for herpers planning to visit PNG

Karkar Island, Madang Province
herper's paradise or hell!!

At first glance Papua New Guinea must seem to be an herpetological wonderland, a place crawling with valuable pythons, Pacific boas and highly venomous elapids, a land festooned with amazing herps including both the longest lizard and the largest treefrog in the world, and little gems like the crocodile skinks. In some ways it is, except the words 'crawling' and 'festooned' are somewhat wide of the mark.

It can be remarkably difficult to find snakes or large lizards in PNG. Road-cruising, so often a highly productive method in Australia, S.Africa, the American Southwest and Mexico, can result in night after night of, well nothing!!

In the years that Mark O'Shea has been visiting PNG (since 1986) he has noticed a drop off in the number of pythons encountered on the roads at night, especially around the larger urban areas and along the few major highways which tend to be the only roads that have black-top surfaces on which snakes will linger. In the early 1990s a drive up the North Coast Highway out of Madang or along the Hiritano or Magi Highways, or the Sogeri Road, out of Port Moresby, could produce 3-4 pythons, but not today. Today the occasional road-killed carpet python is seen in the south, replaced in the north by an infrequent northern white-lipped python. And road-cruising can be dangerous, but more of that in a moment.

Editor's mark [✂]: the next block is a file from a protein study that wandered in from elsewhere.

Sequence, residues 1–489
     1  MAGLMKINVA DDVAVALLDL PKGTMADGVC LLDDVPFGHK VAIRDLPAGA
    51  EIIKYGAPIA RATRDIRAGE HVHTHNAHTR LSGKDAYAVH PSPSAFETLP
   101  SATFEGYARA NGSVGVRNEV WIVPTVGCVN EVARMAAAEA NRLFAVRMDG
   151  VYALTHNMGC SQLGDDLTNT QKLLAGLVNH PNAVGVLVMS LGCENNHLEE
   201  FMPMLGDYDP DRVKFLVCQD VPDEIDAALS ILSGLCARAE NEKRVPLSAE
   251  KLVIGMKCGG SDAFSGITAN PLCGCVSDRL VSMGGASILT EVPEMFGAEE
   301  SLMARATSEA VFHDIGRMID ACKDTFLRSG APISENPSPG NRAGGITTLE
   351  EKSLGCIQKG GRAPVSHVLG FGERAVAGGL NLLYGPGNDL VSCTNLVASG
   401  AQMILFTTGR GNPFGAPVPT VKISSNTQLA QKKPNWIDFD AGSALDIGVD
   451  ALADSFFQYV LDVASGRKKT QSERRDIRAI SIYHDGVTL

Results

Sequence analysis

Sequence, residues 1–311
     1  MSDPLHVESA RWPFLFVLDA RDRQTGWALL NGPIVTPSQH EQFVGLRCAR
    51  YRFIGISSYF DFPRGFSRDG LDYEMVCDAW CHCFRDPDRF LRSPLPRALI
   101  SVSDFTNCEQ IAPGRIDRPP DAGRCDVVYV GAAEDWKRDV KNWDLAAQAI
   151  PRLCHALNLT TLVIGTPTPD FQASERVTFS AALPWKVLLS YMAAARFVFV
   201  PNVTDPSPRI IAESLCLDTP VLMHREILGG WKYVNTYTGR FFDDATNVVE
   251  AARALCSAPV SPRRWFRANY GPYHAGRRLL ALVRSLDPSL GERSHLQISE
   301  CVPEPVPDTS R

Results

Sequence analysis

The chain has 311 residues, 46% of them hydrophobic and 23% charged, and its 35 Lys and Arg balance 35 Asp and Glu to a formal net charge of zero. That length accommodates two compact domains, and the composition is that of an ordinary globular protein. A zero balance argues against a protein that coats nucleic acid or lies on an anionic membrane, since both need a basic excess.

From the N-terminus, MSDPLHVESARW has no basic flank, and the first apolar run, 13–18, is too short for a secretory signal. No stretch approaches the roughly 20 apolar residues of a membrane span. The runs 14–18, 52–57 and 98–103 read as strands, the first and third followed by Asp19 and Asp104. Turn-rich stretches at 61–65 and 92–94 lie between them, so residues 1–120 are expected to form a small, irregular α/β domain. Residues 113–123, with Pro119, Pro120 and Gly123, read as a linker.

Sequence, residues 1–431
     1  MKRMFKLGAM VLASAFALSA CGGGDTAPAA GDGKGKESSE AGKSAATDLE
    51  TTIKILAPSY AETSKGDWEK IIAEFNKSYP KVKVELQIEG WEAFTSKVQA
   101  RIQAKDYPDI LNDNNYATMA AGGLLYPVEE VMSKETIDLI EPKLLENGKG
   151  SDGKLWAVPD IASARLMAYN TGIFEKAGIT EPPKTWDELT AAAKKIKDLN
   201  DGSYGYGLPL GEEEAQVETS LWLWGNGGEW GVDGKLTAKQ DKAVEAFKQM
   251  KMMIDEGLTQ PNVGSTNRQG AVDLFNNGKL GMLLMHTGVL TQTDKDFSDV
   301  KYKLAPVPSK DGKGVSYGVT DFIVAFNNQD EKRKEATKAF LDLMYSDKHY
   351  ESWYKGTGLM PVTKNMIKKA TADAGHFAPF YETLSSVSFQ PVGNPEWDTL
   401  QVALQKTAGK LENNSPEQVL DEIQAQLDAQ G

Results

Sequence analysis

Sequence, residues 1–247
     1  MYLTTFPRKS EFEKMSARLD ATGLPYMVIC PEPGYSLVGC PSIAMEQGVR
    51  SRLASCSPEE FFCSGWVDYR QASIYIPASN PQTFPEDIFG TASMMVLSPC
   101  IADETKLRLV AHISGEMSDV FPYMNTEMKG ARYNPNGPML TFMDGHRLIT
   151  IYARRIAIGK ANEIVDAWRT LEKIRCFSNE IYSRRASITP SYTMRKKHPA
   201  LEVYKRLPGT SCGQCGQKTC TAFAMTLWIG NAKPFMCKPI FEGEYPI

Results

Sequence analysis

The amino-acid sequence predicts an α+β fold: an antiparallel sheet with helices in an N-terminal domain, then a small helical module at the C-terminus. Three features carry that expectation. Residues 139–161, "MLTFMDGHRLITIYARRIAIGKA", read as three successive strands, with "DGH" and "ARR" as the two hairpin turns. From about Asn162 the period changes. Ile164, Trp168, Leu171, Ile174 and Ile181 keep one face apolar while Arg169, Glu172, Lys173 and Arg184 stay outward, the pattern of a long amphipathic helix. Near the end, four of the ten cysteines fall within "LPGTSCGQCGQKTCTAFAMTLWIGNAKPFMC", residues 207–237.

Occasionally we have seem herping trips to PNG advertised in newsletters or on websites. We smile when we see these because the advertising blurb often includes:

"From Port Moresby we will drive over the mountains to Lae, Morobe and Madang", or "into Gulf Province/Milne Bay Province" (take your pick).

No you won't!

It is true that 'roads' do exist over the Owen Stanley Mountains which eventually lead to Oro, Morobe, Madang and the Highlands, they have existed for decades and the most famous of them is called "The Kokoda Trail". Up and down this infamous track, in 1942, the Australians fought and eventually defeated the invading Japanese, on foot! It is certainly not a road.